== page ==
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Minor Characters in Incredibles 2, Ranked

From left: Krushauer, He-lectrix, Reflux, Elastigirl, and Voyd. Photo: Pixar/Disney/Pixar

The Incredibles universe is one of Pixar’s greatest accomplishments: The 2004 original was full of memorable supporting characters and winning little moments that make the Parr family’s world feel fully fleshed out. Incredibles 2 continues this legacy, building out the sequel with new supers, new normies, and new family drama. Like Black Panther’s coterie of Wakandans, Incredibles 2 presents a fresh, illustrious group of minor characters: As the Incredibles have gone underground — lawmakers and law enforcement have rallied against their help — a new group of B-list superheroes have come on the scene. But which one is best? Here’s our ranking:

10. He-lectrix
He-lectrix can zap and electrocute his enemies, which seems pretty par for the course as far as superpowers go. But, because this is The Incredibles, he still has great hair and an equally great jumpsuit. (An Edna Mode design, perhaps?)

9. Brick
She’s mighty mighty, letting it all hang out. Brick can expand and fortify her body to match that of a brick wall. Sure, but when it comes to superstrength, the better Incredibles character is …

8. Krushauer
Krushaur is a telekinetic, able to crush objects at will. When, during a pivotal fight scene, Mr. Incredible asks if it’s possible for Krushauer to maybe chill on the crushing, and maybe even un-crush something, Krushauer gets one of the movie’s best laugh lines: “It’s who I am.” Alas, one little line doesn’t earn a spot closer to the top.

7. Tony Rydinger
Ah, yes, the teenage crushes of yore. Tony Rydinger is the object of teen Violet’s affection, and you kind of get it: He’s popular, cute-ish, and wears those turtlenecks. (If Tony were really about that life, though, he’d skip shifts at his family restaurant to smoke cloves and scrawl margin notes in A People’s History of the United States.) Tony is just so blandly affable that he seems a little flat by gooey teen-crush standards.

6. Screech
Screech is sort of owl-like, and his superpower is being sort of owl-like: He can twist his neck 360 degrees, fly, and emit a high-pitched screaming that breaks glass. Not the coolest powers, to be sure, and something about his whole vibe makes it seem like these are powers better used for evil than for good. (Breaking glass windows would be great for robbing an Apple Store!) Anyway, nobody text him in a crisis. The Screech name remains unredeemed.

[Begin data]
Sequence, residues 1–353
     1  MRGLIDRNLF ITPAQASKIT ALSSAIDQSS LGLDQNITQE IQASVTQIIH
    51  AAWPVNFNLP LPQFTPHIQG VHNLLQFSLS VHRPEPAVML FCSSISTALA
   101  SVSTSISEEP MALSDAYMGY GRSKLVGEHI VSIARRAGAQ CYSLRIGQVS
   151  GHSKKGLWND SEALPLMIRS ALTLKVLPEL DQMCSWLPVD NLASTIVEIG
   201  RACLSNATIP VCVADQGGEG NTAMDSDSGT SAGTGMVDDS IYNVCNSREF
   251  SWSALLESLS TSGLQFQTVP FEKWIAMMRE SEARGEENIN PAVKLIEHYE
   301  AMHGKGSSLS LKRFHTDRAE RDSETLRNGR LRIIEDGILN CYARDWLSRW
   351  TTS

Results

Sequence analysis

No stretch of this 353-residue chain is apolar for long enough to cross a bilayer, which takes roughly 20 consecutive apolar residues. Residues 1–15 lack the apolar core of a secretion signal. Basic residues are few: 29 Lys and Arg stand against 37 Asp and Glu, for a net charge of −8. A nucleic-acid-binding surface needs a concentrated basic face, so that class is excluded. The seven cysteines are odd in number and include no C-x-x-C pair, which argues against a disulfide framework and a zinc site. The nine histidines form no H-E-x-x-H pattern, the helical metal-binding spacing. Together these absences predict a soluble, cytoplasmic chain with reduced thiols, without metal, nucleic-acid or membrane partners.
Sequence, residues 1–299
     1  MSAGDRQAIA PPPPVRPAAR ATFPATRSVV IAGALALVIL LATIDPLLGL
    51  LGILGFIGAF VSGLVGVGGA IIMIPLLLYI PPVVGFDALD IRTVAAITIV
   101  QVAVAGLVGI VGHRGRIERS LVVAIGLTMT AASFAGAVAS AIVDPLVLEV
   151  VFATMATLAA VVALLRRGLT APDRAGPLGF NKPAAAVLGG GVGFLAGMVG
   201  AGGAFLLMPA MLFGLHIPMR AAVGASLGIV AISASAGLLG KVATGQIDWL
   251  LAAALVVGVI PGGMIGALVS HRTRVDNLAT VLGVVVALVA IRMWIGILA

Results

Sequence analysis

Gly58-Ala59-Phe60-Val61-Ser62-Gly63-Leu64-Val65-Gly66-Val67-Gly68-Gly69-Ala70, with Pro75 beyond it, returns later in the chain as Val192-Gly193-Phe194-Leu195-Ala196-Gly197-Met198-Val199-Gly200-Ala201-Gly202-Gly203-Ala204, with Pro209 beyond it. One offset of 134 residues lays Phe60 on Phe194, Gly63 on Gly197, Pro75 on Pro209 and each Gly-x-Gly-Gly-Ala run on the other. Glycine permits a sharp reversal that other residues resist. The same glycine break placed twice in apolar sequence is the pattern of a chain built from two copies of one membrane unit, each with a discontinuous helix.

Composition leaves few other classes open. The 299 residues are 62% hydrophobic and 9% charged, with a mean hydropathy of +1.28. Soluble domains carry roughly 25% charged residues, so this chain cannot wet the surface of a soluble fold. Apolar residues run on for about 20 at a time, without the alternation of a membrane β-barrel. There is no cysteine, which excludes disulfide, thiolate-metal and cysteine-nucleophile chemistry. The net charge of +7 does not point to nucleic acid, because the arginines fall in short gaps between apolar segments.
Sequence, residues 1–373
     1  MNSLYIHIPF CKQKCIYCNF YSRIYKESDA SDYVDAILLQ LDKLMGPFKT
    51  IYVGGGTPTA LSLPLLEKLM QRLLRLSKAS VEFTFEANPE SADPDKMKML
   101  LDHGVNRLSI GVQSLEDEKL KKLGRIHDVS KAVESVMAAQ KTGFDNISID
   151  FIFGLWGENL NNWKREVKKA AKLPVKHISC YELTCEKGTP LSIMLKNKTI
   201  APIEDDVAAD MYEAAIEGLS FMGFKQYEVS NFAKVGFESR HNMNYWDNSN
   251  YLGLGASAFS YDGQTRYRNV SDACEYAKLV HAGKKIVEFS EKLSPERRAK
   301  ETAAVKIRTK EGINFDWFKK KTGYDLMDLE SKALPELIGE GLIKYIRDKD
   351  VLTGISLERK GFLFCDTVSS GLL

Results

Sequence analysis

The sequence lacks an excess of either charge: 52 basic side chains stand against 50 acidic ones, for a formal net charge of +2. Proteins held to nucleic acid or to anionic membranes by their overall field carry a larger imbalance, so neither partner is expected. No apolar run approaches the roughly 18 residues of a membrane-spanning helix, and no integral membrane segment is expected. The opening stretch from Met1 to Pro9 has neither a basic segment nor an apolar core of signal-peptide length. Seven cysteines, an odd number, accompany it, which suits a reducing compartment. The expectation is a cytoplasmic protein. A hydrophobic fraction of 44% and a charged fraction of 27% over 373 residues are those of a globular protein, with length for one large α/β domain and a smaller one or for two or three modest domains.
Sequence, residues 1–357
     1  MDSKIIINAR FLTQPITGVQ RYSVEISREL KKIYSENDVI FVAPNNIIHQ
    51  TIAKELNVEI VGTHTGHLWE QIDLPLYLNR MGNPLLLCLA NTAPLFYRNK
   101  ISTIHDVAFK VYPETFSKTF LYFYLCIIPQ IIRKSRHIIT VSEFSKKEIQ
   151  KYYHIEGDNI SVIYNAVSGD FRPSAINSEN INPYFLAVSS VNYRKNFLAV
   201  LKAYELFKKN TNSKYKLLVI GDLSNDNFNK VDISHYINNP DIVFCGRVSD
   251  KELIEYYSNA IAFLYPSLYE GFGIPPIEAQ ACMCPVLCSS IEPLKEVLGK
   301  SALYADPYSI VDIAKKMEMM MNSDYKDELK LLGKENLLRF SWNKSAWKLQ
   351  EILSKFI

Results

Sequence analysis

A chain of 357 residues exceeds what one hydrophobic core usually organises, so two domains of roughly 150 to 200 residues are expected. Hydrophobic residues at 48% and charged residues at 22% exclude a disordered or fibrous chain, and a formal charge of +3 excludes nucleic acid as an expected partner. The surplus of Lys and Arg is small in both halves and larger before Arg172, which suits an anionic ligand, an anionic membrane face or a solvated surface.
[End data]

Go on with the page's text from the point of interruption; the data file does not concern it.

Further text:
5. Voyd
Voyd likes to overshare, and is generally nervous when it comes to small talk (especially with her she-ro, Elastigirl). But her power — opening and closing wormholes, allowing for teleportation and moving large objects — is handy. Her anxiety is actually a moving character detail: She’s insecure about her powers and nervous at cocktail hours, and just trying to figure out how to wield her powers fully and with finesse. She also has that Kate Gosselin/”I’d like to speak to your manager” haircut, which I could take or leave, but adds an interesting texture to the Pixar cinematic canon.

4. Reflux
Reflux (real name Gus Burns) is an elderly gentleman with pretty bad acid reflux. But his shortcoming is actually his strength when it comes to fighting crime. Reflux can throw up loads of hot lava, perfect for melting walls, doors, or bad guys. It’s a weird, gross superpower that seems somehow ingenious and offbeat, the kind of superpower that can only be found in the Incredibles’ universe. There but by the grace of spicy foods and overeating go I!

3. The Underminer
The Underminer wanna rob. He was the foe du jour at the end of The Incredibles and he’s back in Incredibles 2, causing the same dirty mischief. His massive drill-car burrows under the ground and into banks so he can rob the vault. (And absolutely wreck the building’s foundation in the process — it’s like he thrives off of property damage!) The Underminer resembles a mole, and has mechanical arms. His only superhuman power is his ability to be a complete jerk, but honestly I kind of respect his willingness to be that bitch! (He’s never caught in Incredibles 2, and an animation that plays during the credits makes it clear that he’s still very much at large. We love an elusive king!)

2. Winston Deavor
Winston Deavor is obsessed with superheroes. He nearly jumps out his own skin with excitement whenever he gets the chance to talk about them, especially if they’ve been unjustly maligned by Washington’s bureaucrats. His wholesome enthusiasm is contagious as he sells the Parr family on what their future could be like with a pro-supers treaty that would let them fly free. (Apparently at one point Winston might’ve been one of the bad guys, but became sweeter through Brad Bird’s rewrites.) If Deavor’s golly-gee gusto won’t win you over, mayhaps Bob Odenkirk’s voice acting will: He’s got a plain midwestern affect that feels like flannel and humility, and makes me want to buy a candle described as “woodsy.” (Get him an audiobook, stat!)

1. Honey
Honey came into Incredibles 2 as the most powerful, quotable, and relatable minor character, and she has finished Incredibles 2 as the most powerful, quotable, and relatable minor character. Honey might be Pixar’s best-ever minor character: The first movie’s “Honey, where’s my super suit?!” exchange is Disney canon. This go-round she doesn’t disappoint: “Where you going ASAP? You better be back ASAP!” Honey has the fewest lines and the highest impact. She not a crime fighter; she cares about her dinner parties and her husband. Honey is the Rihanna’s “Lemon” verse of Incredibles 2: It’s high art that we’re still basking in.

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